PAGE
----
4. In your Docker Hub repository, you can see that KubeSphere has pushed the image to the repository with the expected tag.

Step 4: Access the B2I Service

  1. On the Services page, click the B2I Service to go to its details page, where you can see the port number has been exposed.

  2. Access the Service at http://<Node IP>:<NodePort>/<Binary-Package-Name>/.

    Note

    You may need to open the port in your security groups and configure port forwarding rules depending on your deployment environment.

Use the Image Builder to build an image

The example above implements the entire workflow of B2I by creating a Service. Alternatively, you can use the Image Builder directly to build an image based on an artifact while this method will not publish the image to Kubernetes.

build-binary

Note

Make sure you have created a Secret for Docker Hub. For more information, see Create the Most Common Secrets.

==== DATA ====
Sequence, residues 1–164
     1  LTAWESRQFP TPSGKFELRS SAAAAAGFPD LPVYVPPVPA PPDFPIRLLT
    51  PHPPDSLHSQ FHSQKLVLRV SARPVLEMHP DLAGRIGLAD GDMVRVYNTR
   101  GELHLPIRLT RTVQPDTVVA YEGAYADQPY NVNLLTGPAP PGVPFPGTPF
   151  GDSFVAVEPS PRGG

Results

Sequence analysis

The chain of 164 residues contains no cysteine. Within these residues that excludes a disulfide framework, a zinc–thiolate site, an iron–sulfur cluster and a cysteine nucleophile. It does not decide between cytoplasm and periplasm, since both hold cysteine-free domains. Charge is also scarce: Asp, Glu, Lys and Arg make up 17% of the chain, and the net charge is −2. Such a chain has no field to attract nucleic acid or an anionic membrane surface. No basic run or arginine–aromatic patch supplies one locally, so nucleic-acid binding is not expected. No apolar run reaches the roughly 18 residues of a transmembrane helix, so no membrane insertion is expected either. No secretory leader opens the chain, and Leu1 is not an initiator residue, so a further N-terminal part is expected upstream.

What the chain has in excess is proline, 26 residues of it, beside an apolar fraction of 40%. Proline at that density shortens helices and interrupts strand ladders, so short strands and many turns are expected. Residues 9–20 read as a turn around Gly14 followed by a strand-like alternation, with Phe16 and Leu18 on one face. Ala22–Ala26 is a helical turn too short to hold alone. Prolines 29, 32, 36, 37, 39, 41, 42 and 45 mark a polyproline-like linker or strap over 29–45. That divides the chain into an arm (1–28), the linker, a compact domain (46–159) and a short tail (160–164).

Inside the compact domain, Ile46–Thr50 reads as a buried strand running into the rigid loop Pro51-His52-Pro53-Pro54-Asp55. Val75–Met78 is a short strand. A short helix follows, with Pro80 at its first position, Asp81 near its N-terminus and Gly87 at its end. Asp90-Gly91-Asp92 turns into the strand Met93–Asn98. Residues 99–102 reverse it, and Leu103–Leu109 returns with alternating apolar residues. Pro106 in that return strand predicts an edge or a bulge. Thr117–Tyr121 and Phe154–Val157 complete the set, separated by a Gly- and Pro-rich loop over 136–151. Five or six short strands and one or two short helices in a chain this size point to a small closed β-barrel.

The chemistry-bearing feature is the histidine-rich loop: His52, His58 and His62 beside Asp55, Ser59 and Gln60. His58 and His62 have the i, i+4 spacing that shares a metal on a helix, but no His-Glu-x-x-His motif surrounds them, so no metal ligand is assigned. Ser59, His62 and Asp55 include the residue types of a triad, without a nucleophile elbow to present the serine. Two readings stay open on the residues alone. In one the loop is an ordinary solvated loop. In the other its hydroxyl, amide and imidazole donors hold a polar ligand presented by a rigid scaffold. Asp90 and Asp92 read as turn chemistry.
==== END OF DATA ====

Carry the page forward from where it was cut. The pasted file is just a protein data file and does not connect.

Step 1: Upload an artifact

  1. Log in to KubeSphere as project-regular and go to your project.

  2. Select Image Builders from the navigation bar and click Create.

  3. In the displayed dialog box, select Binary and click Next.

  4. On the Build Settings page, provide the following information accordingly and click Create.

    Artifact File: Download b2i-binary and upload it to KubeSphere.

    Build Environment: Select kubesphere/s2i-binary:v2.1.0.

    Image Name: Customize an image name.

    Image Tag: The image tag. Enter latest.

    Target Image Registry: Select the Docker Hub Secret as the image is pushed to Docker Hub.

  5. On the Image Builder page, you can see that the image is being built.

Step 2: Check results

  1. Wait for a while and you can see the status of the image builder has reached Successful.

  2. Click this image builder to go to its details page. Under Job Records, click icon on the right of a record to see building logs. You can see Build completed successfully at the end of the log if everything runs normally.

  3. Go to the Jobs page, and you can see the corresponding Job of the image has been created successfully.

  4. In your Docker Hub repository, you can see that KubeSphere has pushed the image to the repository with the expected tag.